Equality seems to be bustin’ out all over. In addition to the “Super Tuesday Of Equality,” where five or more states may be voting on whether or not to eliminate race, ethnic, and gender preferences, there is an attempt to revive the Equal Rights Amendment (now dubbed the Women’s Equity Amendment, discussed here) and the Employment Non-Discrimination Act to protect the civil rights of gays and the transgendered has just been introduced.
ENDA is a federal bill that would address discrimination in the workplace by making it illegal to fire, refuse to hire or refuse to promote employees simply based on a person’s sexual orientation or gender identity. It would reinforce the principle that employment decisions should be based upon a person’s qualifications and job performance.
The Human Rights Campaign justifies the ENDA by noting that
[q]ualified, hardworking Americans are denied job opportunities, fired or otherwise discriminated against for reasons that have nothing to do with their performance and abilities. Employment discrimination … effectively denies qualified individuals equality and opportunity in the workplace.
HRC is opposed to such discrimination, if the victims are discriminated against because they are gay, lesbian, bi-sexual, or transgendered. So far as I know, it has not opposed employment discrimination against individuals because they were not members of preferred races or ethnicities even though such discrimination, often described as “affirmative action,” also violates “the principle that employment decisions should be based upon a person’s qualifications and job performance.”
I have argued too many times to cite that, as I put it here, “many people oppose gay demands for ‘equal rights’ because they saw similar demands from blacks and women, which they supported, morph into demands for preferential treatment, which they oppose.” (A few, but by no means all, other examples of my argument in this regard can be found here, here, here, here, here, here, and here.) Perhaps the gay rights movement has wised up on that score. According to an article today in the New York Blade, ENDA “prohibits hiring quotas or affirmative action requirements on the basis of sexual orientation or gender identity.” [Emphasis added.] When hearings are held on this legislation, however, it is very important for someone to ask its sponsors whether in their view ENDA would allow preferential treatment based on sexual identity or preference.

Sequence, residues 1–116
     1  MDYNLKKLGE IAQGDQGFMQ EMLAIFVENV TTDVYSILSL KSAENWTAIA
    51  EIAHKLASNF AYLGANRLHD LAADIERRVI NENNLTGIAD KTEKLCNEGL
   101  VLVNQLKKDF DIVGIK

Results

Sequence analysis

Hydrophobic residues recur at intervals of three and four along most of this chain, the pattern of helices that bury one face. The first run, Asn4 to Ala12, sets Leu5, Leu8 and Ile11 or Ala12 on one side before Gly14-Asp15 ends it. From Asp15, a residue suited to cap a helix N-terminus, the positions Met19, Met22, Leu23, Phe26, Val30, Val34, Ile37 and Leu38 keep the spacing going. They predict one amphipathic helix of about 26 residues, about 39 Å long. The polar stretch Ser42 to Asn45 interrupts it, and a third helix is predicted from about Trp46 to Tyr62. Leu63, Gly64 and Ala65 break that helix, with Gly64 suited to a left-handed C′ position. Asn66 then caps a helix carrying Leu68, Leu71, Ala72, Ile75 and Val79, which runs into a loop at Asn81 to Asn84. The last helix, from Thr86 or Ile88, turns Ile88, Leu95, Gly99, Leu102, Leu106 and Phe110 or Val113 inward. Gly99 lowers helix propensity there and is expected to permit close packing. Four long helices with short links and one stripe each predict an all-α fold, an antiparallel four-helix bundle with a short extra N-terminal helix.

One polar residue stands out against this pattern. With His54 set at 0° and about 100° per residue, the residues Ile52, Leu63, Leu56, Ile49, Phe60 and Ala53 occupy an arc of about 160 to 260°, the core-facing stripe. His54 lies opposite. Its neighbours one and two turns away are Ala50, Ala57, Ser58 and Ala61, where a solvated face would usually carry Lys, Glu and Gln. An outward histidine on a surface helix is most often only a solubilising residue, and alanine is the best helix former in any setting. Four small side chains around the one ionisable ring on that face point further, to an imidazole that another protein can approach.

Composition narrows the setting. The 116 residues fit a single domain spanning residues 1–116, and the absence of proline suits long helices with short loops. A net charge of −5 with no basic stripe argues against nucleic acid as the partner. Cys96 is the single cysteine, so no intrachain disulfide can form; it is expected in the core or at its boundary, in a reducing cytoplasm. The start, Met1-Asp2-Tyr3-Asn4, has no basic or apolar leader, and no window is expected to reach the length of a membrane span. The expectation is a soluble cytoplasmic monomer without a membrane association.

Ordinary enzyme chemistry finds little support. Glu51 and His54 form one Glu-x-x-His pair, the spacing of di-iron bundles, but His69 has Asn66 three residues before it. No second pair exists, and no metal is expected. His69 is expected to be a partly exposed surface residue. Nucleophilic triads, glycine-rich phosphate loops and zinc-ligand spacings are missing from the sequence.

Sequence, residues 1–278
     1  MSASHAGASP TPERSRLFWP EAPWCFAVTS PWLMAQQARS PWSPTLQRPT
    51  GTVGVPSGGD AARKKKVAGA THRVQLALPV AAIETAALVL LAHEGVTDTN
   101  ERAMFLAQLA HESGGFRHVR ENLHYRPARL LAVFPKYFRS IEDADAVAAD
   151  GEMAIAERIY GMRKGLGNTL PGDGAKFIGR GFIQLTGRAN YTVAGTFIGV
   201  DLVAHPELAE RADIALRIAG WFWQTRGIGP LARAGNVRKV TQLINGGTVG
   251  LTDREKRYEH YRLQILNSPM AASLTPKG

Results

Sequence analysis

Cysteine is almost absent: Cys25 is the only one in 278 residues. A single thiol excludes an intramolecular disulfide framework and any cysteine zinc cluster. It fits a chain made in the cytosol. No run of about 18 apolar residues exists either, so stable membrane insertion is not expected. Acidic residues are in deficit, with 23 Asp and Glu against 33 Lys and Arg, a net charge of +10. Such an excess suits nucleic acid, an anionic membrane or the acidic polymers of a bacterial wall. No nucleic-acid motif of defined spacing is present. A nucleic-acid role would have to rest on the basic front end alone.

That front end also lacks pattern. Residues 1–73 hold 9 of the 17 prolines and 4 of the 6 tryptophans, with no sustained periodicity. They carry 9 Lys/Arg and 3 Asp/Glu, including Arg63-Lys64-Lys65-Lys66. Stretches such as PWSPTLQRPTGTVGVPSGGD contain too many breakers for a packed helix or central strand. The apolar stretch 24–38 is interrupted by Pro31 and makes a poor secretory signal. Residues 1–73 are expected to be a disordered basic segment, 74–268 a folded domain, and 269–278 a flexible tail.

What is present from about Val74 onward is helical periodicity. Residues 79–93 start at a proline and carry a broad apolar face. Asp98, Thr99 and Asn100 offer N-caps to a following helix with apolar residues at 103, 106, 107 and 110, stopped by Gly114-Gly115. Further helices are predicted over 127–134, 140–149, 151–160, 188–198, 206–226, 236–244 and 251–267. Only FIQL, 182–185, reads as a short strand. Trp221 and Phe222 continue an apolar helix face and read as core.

In my earlier post on the Women’s Equity Amendment I quoted the operative words, carried over from the ERA —
Equality of rights under the law shall not be denied or abridged by the United States or by any State on account of sex
— and asked what supporters thought those words mean, since all prominent feminists oppose measures such as the one that recently passed in Michigan, and will presumably be on the ballots of a number of other states on Nov. 4, 2008, that provide that the state shall not “discriminate against or grant preferential treatment to” any individual based on race, ethnicity, or gender. They thus presumably believe that prohibiting the denial of equal rights on account of sex does not preclude the state from extending preferential treatment to women.
I also noted there that WEA supporters have had trouble explaining exactly what impact a new constitutional amendment would have and why it is needed. Now come Eleanor Smeal and Martha Burk in an attempt to remedy that situation. They fail.
Here’s how they begin:
Why is the amendment needed? Twenty-three countries — including Sri Lanka and Moldova — have smaller gender gaps in education, politics and health than the United States, according to the World Economic Forum. We are 68th in the world in women’s participation in national legislatures. On average, a woman working full time and year-round still makes only 77 cents to a man’s dollar. Women hold 98 percent of the low-paying “women’s” jobs and fewer than 15 percent of the board seats at major corporations. Because their private pensions — if they have them at all — are lower and because Social Security puts working women at a disadvantage and grants no credit for years spent at home caring for children or aging parents, three-quarters of the elderly in poverty are women. And in every state except Montana, women still pay higher rates than similarly situated men for almost all kinds of insurance. All that could change if we put equal rights for women in our Constitution.
Leave aside the sterling sex-gap performance of such places as Sri Lanka and Moldova; I suspect most Americans don’t care any more than I do about whether we’re losing the pay-gap race to Moldova. Also ignore, for now, the fact that the “77 cents to a man’s dollar” itself reflects the fact that, for whatever reason (maybe “choice” explains part of the reason), women work in lower-paying fields. A woman truck-driver with the same experience as a man and who works the same hours as a man definitely does not earn 77 cents to the man’s dollar, though a secretary might. But, as I said, ignore that for now. What Smeal and Burk don’t even begin to explain is how amending the U.S. Constitution to prohibit the United States or any state from denying the “equality of rights under law” on account of sex would have any effect whatsoever on the list of horribles they provide.
Would it require “comparable worth” legislation under which bureaucrats would determine that a librarian should be paid the same as a coal miner? Would it bar women from working in low-paying jobs? Make low-paying jobs illegal? Require equal participation in all legislatures and on corporate boards?
Who knows? The judges who will be called upon to “construe” WEA’s meaning?
Let’s not go there.